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Atmospheric Chemistry and Climate in the Anthropocene / Chemia Atmosferyczna I Klimat W Antropocenie

Paul J. Crutzen / Stanisław Wacławek
Published Online: 2015-02-06 | DOI: https://doi.org/10.1515/cdem-2014-0001

Abstract

Humankind actions are exerting increasing effect on the environment on all scales, in a lot of ways overcoming natural processes. During the last 100 years human population went up from little more than one to six billion and economic activity increased nearly ten times between 1950 and the present time. In the last few decades of the twentieth century, anthropogenic chlorofluorocarbon release have led to a dramatic decrease in levels of stratospheric ozone, creating ozone hole over the Antarctic, as a result UV-B radiation from the sun increased, leading for example to enhanced risk of skin cancer. Releasing more of a greenhouse gases by mankind, such as CO2, CH4, NOx to the atmosphere increases the greenhouse effect. Even if emission increase has held back, atmospheric greenhouse gas concentrations would continue to raise and remain high for hundreds of years, thus warming Earth’s climate. Warming temperatures contribute to sea level growth by melting mountain glaciers and ice caps, because of these portions of the Greenland and Antarctic ice sheets melt or flow into the ocean. Ice loss from the Greenland and Antarctic ice sheets could contribute an additional 19-58 centimeters of sea level rise, hinge on how the ice sheets react. Taking into account these and many other major and still growing footprints of human activities on earth and atmosphere without any doubt we can conclude that we are living in new geological epoch named by P. Crutzen and E. Stoermer in 2000 - “Anthropocene”. For the benefit of our children and their future, we must do more to struggle climate changes that have had occurred gradually over the last century.

Abstrakt

Człowiek wywiera coraz większy wpływ na środowisko na różne sposoby, w wielu przypadkach ostro ingerując w procesy naturalne. W ciągu ostatnich 100 lat liczebność ludzkiej populacji wzrosła - z nieco ponad 1 mld do 6 mld, a od 1950 roku do chwili obecnej nastąpił dziesięciokrotny rozwój działalności gospodarczej. W ciągu kilku ostatnich dekad XX wieku antropogeniczna emisja freonów doprowadziła do drastycznego spadku poziomu ozonu stratosferycznego, tworząc dziurę ozonową nad Antarktydą. Następstwem tego zjawiska jest wzrost promieniowania UV-B, który pociąga za sobą katastrofalne skutki, m.in. zwiększa ryzyko zachorowań na raka skóry. Uwalniane do atmosfery, przez człowieka, w dużych ilościach gazy cieplarniane, takie jak CO2, CH4, NOx, powodują zwiększenie efektu cieplarnianego. Nawet jeśli wzrost emisji zostanie zatrzymany, stężenia gazów cieplarnianych w atmosferze będą nadal rosnąć i pozostaną na wysokim poziomie przez setki lat, a to doprowadzi do ocieplenia klimatu na Ziemi. Wzrost temperatury przyczyni się do aprecjacji poziomu wód morskich. Będzie to spowodowane topnieniem lodowców górskich i czap lodowych. Utrata lodu Grenlandii i lądolodów Antarktydy, w zależności od tego, w jaki sposób zareagują na ocieplenie, może przyczynić się do wzrostu poziomu mórz i oceanów nawet o dodatkowych 19-58 centymetrów. Biorąc pod uwagę wyżej wymienione przykłady i wiele innych ważnych, wciąż wzrastających, śladów działalności człowieka na Ziemi bądź w atmosferze, bez żadnych wątpliwości można stwierdzić, że żyjemy w nowej epoce geologicznej nazwanej przez P. Crutzena i E. Stoermera w 2000 roku Antropocenem. Dla dobra naszych dzieci i ich przyszłości musimy intensywniej walczyć ze zmianami klimatycznymi, które miały miejsce w ciągu ostatniego stulecia.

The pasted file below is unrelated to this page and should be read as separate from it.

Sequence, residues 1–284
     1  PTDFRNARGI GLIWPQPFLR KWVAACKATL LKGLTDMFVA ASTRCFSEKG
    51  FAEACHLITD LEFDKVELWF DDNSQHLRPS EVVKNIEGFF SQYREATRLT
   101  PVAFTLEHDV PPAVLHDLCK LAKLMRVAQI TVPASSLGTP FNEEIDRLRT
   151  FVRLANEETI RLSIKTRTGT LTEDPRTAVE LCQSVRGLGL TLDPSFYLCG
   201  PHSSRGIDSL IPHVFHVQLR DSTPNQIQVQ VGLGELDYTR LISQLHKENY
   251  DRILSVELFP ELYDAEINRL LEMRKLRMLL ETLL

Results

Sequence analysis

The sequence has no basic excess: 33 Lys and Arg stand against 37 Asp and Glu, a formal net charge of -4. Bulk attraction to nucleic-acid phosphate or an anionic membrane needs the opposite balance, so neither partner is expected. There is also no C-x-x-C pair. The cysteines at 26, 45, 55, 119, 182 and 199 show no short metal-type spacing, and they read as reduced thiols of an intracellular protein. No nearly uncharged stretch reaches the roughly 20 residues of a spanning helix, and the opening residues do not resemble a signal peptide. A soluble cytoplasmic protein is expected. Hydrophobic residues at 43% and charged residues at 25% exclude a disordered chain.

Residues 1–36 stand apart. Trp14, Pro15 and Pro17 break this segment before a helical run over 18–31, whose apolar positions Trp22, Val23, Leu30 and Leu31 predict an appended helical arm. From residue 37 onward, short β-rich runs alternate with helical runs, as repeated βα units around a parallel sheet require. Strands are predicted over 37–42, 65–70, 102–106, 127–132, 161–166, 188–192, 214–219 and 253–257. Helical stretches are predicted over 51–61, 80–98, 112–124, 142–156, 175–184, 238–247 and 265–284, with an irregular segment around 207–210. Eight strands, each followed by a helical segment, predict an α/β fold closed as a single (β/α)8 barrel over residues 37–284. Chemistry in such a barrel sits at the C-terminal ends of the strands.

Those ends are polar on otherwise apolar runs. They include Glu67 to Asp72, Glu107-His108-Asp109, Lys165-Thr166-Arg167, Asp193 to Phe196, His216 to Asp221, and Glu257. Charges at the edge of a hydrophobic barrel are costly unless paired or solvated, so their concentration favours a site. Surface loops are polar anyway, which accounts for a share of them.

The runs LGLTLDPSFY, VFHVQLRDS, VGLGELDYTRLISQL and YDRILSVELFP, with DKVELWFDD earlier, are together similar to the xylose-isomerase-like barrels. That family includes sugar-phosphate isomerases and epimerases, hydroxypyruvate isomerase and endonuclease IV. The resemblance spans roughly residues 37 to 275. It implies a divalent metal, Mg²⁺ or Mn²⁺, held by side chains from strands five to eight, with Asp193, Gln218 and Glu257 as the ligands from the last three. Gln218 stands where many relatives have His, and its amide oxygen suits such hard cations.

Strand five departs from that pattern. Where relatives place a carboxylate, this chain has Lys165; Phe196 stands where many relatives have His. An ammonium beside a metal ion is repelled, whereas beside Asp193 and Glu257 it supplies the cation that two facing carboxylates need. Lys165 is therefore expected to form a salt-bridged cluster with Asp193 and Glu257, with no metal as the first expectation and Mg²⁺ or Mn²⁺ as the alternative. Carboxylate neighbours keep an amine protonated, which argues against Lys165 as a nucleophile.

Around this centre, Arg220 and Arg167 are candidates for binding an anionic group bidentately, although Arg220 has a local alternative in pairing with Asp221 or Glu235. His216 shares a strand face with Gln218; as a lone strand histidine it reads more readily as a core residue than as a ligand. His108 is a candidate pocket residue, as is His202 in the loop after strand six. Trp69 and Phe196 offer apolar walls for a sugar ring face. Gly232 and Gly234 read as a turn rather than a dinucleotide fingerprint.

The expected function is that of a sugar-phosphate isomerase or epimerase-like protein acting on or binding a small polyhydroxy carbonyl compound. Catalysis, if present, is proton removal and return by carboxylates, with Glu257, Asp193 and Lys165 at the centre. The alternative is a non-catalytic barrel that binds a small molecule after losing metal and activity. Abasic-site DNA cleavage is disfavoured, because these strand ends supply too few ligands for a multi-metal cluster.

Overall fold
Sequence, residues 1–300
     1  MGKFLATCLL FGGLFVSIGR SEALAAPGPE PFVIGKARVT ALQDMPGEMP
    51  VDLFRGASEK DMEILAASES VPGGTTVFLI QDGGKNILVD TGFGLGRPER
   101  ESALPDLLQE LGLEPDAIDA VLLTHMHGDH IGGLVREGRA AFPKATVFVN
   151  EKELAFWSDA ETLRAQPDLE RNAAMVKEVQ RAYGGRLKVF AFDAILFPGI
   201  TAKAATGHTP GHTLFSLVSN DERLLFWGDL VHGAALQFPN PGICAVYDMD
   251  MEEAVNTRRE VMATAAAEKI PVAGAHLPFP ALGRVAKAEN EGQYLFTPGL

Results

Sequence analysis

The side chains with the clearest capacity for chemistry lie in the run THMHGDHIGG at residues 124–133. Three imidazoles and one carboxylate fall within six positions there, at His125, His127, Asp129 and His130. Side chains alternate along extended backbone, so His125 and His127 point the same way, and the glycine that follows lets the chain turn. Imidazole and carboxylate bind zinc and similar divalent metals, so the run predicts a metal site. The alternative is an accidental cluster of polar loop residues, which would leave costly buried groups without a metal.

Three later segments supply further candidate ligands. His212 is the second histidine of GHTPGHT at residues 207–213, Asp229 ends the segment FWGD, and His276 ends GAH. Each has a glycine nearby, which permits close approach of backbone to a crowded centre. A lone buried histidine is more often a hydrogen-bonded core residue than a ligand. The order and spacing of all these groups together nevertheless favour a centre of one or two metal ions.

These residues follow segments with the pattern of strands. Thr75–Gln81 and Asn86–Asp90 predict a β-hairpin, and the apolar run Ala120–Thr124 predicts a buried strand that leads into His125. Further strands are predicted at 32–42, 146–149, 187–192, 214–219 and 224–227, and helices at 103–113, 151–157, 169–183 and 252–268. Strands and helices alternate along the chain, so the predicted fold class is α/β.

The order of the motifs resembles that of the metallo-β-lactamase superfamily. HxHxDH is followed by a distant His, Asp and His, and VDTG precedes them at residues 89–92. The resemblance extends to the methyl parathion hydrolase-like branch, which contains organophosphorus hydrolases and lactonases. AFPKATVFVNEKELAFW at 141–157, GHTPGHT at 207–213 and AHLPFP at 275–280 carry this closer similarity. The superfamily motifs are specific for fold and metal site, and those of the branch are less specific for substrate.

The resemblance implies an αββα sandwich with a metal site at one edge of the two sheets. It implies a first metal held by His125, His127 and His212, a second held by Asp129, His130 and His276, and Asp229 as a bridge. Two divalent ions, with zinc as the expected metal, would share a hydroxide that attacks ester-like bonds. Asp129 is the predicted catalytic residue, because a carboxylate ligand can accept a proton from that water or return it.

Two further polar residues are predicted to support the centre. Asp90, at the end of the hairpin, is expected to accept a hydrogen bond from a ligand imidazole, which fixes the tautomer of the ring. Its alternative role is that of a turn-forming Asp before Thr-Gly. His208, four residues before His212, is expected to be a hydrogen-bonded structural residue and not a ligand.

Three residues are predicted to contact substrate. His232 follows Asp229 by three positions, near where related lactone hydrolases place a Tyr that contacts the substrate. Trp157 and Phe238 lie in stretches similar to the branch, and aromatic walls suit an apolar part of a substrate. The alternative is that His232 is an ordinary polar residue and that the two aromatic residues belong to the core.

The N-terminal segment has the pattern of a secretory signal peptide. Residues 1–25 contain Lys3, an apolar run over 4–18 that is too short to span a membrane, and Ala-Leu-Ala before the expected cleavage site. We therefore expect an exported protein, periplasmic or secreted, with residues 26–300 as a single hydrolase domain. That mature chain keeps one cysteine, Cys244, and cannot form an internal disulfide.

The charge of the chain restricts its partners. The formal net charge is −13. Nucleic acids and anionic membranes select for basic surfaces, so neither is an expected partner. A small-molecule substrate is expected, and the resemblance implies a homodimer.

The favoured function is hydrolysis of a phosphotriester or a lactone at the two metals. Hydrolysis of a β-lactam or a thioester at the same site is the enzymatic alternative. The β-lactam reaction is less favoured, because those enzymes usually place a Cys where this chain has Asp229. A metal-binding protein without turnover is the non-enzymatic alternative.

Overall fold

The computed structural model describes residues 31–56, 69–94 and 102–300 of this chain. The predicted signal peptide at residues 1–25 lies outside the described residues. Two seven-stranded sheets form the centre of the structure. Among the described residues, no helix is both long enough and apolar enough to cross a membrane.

Keywords : greenhouse gases; greenhouse effect; climate changes; ozone hole; Anthropocene

Słowa kluczowe : gazy cieplarniane; efekt cieplarniany; zmiany klimatyczne; dziura ozonowa

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About the article

Published Online: 2015-02-06

Published in Print: 2014-12-01


Citation Information: Chemistry-Didactics-Ecology-Metrology, ISSN (Online) 2084-4506, DOI: https://doi.org/10.1515/cdem-2014-0001.

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© by Paul J. Crutzen. This work is licensed under the Creative Commons Attribution-NonCommercial-NoDerivatives 3.0 License. BY-NC-ND 3.0

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